PC Canada's i7-8700K pricing lands roughly $30 over the -7700K's $350 MSRP, but PC Canada also lists the -7700K at $462 CAD, implying a smaller $20 price increase for the six-core -8700K. Surprisingly, the Coffee Lake i7-8700 shares nearly the same pricing as its four-core i7-7700 predecessor, which we constantly see on sale at various retailers.
Moving down the stack, the i5-8600K comes with a $20 price delta, while the i5-8400 again shares the same price range. It appears that Intel is merely tacking on an additional $20 premium for the unlocked "K" models.
|Row 0 - Cell 0||Coffee Lake i3-8350K||Kaby Lake i3-7350K||Coffee Lake i3-8100||Kaby Lake i3-7100|
|Price||$182.43 USD ($233.41 CAD)||$179||$119.20 USD ($152.51 CAD)||$117|
|Cores/Threads||4 / 4||2 / 4||4 / 4||2 / 4|
|Base Clock (GHz)||4.0||4.2||3.8||3.9|
|Single- / Multi-threaded Performance Gain||17% / 65%||-||16% / 61%||-|
The i3 lineup slots in as the gamer-friendly mid-range. We see a $10 price delta between the -8350K and the -7350K, and again, almost identical pricing for the locked models.
Both tables above include Coffee Lake's projected performance increases over their Kaby Lake counterparts, and with such a large potential advance in the making, it's obvious that savvy customers will opt for Intel's newest processors over the previous-generation counterparts. The addition of more cores at similar price points is going to place plenty of pressure on AMD's Ryzen lineup, addressing AMD's core count advantage.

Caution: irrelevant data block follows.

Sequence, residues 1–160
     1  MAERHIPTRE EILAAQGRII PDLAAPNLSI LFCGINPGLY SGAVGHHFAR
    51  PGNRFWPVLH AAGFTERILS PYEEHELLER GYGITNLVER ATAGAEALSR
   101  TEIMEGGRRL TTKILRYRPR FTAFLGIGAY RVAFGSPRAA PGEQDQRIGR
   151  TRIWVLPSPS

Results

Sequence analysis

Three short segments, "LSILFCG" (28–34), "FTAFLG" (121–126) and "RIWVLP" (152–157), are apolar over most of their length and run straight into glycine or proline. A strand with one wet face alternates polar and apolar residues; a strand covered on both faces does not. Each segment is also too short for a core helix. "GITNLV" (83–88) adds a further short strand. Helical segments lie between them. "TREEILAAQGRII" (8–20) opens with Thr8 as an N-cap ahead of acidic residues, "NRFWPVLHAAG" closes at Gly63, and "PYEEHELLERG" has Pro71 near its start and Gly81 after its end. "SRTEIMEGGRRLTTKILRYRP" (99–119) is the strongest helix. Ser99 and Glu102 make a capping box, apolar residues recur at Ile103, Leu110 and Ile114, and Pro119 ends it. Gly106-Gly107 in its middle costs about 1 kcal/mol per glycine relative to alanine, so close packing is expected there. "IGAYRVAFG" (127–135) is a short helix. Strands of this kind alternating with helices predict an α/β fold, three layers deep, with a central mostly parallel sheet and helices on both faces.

AMD's processors are still price-competitive, with a range that extends from $120 for the low end of the Ryzen 3 series to $250 for the Ryzen 5 1600X. AMD also has its pricier Ryzen 7 series that officially ranges from $329 to $499, though we often see them sell far below recommended pricing.
The Intel processors are all also expected to come with integrated graphics, which is already a key advantage over the Ryzen models. The addition of more host processing resources in tandem with integrated graphics would potentially allow Intel to effectively stave off the existing Ryzen models and possibly AMD's future APU contenders.
Intel has been particularly steadfast in its current pricing for mainstream models; it hasn't budged an inch in the face of the Ryzen competition, and this likely has more to do with long-term margin goals, especially in light of the company's famed ~60% margin. We have seen Intel lower pricing on its new Skylake-X models, at least relative to the Broadwell-era chips, which indicates the company is more willing to be flexible as it introduces new products.